The eligibility of respondents was verified based on their answers to questions about age and their region of residence. For the study, respondents residing within the territory of Russia between the ages of 18–34 years old were considered eligible to be surveyed.

This work is made possible by the generous support of the Carnegie Corporation of New York.

About the Authors
Vice President, Public Opinion and Foreign Policy
Headshot for Dina Smeltz
Dina Smeltz, a polling expert, has more than 25 years of experience designing and fielding international social and political surveys. Prior to joining the Council to lead its annual survey of American attitudes on US foreign policy, she served in the Bureau of Intelligence and Research at the US State Department's Office of Research from 1992 to 2008.
Headshot for Dina Smeltz
Research Assistant, Public Opinion and US Foreign Policy
Headshot for Lama El Baz
Lama El Baz joined the Chicago Council on Global Affairs in 2023 as a research assistant for the public opinion and US foreign policy team within the Lester Crown Center. She is passionate about public opinion research, data analytics, and the regional affairs of the Middle East and North Africa.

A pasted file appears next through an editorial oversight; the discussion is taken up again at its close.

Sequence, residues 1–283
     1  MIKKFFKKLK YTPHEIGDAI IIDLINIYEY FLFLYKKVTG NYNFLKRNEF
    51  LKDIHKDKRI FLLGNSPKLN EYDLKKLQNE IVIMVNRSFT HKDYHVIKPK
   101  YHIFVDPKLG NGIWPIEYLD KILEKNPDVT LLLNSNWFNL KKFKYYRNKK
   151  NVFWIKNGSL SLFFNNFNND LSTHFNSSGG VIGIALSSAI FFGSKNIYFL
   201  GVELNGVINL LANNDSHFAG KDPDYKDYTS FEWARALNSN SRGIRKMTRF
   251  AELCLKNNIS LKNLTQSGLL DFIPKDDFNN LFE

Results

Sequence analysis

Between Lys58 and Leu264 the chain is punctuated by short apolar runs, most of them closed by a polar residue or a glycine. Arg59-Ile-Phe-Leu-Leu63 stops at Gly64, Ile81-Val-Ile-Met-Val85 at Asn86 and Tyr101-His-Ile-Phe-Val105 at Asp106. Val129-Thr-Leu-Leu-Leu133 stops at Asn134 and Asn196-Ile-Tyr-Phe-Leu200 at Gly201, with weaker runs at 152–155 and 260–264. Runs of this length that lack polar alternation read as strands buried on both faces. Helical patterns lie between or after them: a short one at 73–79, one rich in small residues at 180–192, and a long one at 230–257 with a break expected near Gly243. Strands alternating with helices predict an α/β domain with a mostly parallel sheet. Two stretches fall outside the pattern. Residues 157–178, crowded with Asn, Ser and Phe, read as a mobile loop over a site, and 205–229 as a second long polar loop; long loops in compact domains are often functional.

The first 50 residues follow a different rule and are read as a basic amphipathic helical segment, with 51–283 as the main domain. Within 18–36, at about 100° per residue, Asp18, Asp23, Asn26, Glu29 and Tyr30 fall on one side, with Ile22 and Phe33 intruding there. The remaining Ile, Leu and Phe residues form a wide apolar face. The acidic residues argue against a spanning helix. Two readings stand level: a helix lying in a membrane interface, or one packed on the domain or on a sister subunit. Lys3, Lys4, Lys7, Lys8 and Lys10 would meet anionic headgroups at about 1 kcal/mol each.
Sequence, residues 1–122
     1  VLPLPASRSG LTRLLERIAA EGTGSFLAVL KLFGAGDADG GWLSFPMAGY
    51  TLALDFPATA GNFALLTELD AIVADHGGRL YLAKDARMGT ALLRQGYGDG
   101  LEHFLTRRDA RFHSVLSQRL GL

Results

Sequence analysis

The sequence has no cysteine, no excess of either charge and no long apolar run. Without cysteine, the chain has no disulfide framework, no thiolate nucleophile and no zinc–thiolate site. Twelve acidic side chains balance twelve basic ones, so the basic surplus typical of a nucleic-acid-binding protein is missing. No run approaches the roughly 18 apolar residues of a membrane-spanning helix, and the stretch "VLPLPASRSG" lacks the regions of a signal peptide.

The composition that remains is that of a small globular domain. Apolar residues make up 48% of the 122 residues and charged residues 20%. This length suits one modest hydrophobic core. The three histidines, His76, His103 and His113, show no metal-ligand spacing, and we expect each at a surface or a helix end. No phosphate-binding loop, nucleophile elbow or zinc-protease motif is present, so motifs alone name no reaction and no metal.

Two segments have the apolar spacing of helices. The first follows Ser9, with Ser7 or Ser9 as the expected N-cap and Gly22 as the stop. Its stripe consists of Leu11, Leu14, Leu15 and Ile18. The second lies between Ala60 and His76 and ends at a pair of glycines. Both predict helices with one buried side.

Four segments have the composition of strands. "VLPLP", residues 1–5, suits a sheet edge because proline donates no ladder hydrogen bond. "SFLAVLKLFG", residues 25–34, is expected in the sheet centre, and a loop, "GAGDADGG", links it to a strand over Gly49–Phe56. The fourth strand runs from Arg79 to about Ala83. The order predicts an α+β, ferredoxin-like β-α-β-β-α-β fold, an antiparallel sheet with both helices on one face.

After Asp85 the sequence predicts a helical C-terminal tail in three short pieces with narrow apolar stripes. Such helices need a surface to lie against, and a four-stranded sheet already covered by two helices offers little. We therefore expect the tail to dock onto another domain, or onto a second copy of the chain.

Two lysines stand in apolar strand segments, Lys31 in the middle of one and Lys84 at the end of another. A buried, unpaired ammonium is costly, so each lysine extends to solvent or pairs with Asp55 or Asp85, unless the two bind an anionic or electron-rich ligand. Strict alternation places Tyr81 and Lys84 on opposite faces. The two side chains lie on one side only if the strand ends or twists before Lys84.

Headshot for Lama El Baz
Denis Volkov
Director of the Levada Analytical Center
Deputy Director of the Levada Analytical Center
Stepan Goncharov
Sociologist, Levada Analytical Center
Stepan Goncharov
Stepan Goncharov is a senior research fellow at the Levada Center. Goncharov’s field of expertise and research interests include public opinion on international relations, use of media, and modern social processes in Russia. He is a regular contributor for (Riddle), an online-journal on Russian affairs. Gonhcarov holds a Specialist degree in Political Science from Lomonosov Moscow State University (MSU) and has broad experience in qualitative studies.
Stepan Goncharov